lived there for several weeks. It was his office. Now it's reserved for
heads of state.

Miller: How old is it?

Brassai: Just seventy years old, two years older than you.

Miller: And it hasn't been eaten away by rust?

Brassai: No. It can survive another two centuries. It seems that steel
lasts longer than concrete and the longevity of a steel tower is greater
than that of a skyscraper. But only if it's repainted every seven years. A
rather extraordinary acrobatic sight!

Miller exclaims: "The children, where the hell are the children?"

While we were talking, they wouldn't hold still and were running around
the platform knocking into lovebirds and people contemplating suicide.
Could they have ventured into the stairwells? We finally find them. Val
and Tony beg their father to let them take the metal stairs down to the
third floor, on foot. After a categorical no, Miller caves in and gives
them the green light. We take the elevator and wait for them on the second

Miller: You don't have children. So you don't have these problems.

Brassai: Have you read Emile?

Miller: A few passages, and I found them very appealing. A fundamental
book. I also read the books by Ferrer, Montessori, and Pestalozzi. The
question of education interests me passionately. I agree with Rousseau. He
was against pedagogues, against schooling, and, like me, he recommended
the return to primitive virtue. I didn't see the usefulness of stuffing my
head with school learning. I only wanted to learn what seemed of vital
interest to me. I had to discover everything on my own. There's only one
good pedagogue: life. I wanted to raise my children in the greatest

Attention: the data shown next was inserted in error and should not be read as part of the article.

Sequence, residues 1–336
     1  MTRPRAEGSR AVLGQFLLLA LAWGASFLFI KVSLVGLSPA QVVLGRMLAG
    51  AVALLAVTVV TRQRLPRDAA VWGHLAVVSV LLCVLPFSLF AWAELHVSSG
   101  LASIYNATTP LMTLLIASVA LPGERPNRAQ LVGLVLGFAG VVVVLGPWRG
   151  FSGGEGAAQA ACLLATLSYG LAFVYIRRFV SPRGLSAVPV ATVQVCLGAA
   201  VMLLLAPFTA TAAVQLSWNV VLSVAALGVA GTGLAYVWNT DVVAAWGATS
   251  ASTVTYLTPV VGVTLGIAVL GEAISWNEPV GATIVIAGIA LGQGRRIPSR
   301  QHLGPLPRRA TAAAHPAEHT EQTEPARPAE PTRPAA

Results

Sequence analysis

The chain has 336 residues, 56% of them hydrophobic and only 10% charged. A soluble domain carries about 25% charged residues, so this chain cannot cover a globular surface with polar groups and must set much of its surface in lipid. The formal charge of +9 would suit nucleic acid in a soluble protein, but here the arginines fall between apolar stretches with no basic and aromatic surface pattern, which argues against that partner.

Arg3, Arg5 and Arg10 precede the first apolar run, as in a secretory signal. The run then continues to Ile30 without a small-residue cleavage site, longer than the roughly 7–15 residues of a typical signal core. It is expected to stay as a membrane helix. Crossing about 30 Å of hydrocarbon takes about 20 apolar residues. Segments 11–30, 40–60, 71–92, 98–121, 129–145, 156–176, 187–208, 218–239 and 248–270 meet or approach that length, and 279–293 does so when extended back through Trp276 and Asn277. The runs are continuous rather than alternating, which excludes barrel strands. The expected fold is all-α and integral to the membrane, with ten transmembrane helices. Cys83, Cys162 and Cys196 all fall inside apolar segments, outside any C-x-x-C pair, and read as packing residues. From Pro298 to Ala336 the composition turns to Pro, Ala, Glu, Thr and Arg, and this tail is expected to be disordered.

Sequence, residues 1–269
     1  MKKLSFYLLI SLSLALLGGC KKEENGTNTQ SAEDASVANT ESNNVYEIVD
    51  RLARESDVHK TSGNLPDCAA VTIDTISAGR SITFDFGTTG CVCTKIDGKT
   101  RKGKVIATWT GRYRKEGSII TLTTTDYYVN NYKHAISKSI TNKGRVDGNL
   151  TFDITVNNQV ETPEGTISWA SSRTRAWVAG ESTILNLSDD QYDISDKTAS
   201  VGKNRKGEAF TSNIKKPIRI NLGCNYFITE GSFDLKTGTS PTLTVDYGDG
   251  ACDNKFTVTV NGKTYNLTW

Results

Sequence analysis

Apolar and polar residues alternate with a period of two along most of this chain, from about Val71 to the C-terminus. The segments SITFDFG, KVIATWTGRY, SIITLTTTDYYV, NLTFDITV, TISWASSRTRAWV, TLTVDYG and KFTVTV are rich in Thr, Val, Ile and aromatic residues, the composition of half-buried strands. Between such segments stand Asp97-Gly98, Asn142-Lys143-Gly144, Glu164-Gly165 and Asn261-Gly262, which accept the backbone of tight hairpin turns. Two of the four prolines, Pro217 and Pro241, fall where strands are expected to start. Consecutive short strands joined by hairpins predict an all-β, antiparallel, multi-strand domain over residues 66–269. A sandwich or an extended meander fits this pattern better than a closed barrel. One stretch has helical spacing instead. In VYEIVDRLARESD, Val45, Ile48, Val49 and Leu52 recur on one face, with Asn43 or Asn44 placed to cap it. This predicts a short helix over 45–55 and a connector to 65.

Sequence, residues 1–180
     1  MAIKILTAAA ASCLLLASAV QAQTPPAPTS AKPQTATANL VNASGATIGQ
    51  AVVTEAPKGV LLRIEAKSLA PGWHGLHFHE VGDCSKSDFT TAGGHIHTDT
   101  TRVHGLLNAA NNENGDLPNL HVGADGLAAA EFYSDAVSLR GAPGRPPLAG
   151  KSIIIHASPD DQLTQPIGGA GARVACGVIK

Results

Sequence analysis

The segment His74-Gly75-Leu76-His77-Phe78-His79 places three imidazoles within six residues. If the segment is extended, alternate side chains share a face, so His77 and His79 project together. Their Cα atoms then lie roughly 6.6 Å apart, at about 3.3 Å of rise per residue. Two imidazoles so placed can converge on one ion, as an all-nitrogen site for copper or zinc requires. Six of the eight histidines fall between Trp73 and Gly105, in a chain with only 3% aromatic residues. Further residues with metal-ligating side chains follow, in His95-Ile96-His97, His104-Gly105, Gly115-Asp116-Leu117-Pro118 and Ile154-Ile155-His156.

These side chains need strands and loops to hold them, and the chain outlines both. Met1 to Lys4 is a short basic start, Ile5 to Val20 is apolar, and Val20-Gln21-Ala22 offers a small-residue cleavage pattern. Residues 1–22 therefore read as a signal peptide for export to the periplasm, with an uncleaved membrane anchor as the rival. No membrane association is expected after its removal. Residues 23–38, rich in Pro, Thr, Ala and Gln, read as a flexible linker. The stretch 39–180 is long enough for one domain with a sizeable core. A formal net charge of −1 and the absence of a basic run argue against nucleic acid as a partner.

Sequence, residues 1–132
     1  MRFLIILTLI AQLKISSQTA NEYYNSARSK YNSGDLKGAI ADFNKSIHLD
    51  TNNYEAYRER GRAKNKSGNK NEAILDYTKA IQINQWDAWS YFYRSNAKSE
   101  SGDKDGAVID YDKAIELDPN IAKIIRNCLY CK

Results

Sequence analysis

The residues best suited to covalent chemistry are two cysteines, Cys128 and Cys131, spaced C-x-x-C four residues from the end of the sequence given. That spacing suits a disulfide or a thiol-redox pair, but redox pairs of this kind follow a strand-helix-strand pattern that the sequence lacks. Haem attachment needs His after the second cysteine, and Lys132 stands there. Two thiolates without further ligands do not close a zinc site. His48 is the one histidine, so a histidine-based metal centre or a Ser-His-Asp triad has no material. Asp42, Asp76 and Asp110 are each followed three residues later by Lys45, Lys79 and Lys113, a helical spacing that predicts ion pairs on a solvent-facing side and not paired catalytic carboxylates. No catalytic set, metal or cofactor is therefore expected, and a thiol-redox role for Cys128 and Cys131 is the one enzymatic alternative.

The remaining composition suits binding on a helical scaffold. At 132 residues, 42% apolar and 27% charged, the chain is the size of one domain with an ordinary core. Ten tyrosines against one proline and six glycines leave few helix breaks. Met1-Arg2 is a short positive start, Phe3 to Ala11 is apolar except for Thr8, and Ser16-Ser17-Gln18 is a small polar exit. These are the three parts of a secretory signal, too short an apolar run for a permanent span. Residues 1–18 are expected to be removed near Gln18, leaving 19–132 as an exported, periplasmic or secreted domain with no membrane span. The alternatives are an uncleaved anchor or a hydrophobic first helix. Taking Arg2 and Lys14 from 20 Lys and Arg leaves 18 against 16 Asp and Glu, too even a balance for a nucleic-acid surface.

freedom. That's what my wives always criticized me for: I thwart their
efforts, I'm not ruthless enough, I take a malicious pleasure in seeing
them misbehave. That horrible discipline I should have inculcated in them
was really always the main reason for our quarrels. But I rejected such a
cruel, stultifying upbringing.

Brassai: So you took your own lack of upbringing as a model for

Miller: Yes, my own experience. I grew up on the streets, that's where I
learned what it means to be truly human. Until the age of nine, we were
little rascals, budding young gangsters, but our own masters. None of us
idolized our parents. We were hungry for knowledge, we discussed burning
questions. Around a campfire in a vacant lot we were able to talk about
serious things: love, death, life, birth, sex, God. I had the good luck
never to have been spoiled by my parents! They gave me a free hand. I
could wander, return any time of night without reporting to anyone.

Brassai: Celine also claimed that high school is the root of all evil.


Excerpted from Henry Miller, Happy Rock
by Brassai
Copyright © 2003
by University of Chicago.
Excerpted by permission.
All rights reserved. No part of this excerpt may be reproduced or reprinted without permission in writing from the publisher.
Excerpts are provided by Dial-A-Book Inc. solely for the personal use of visitors to this web site.

Meet the Author

Brassaï (born Gyula Halász, 1899-1984) was a photographer, journalist, and author of many photographic monographs and literary works, including Letters to My Parents, Conversations with Picasso, and Proust in the Power of Photography.

Jane Marie Todd has translated a number of books, including Conversations with Picasso by Brassaï, Largesse by Jean Starobinski, and The Forbidden Image by Alain Besançon.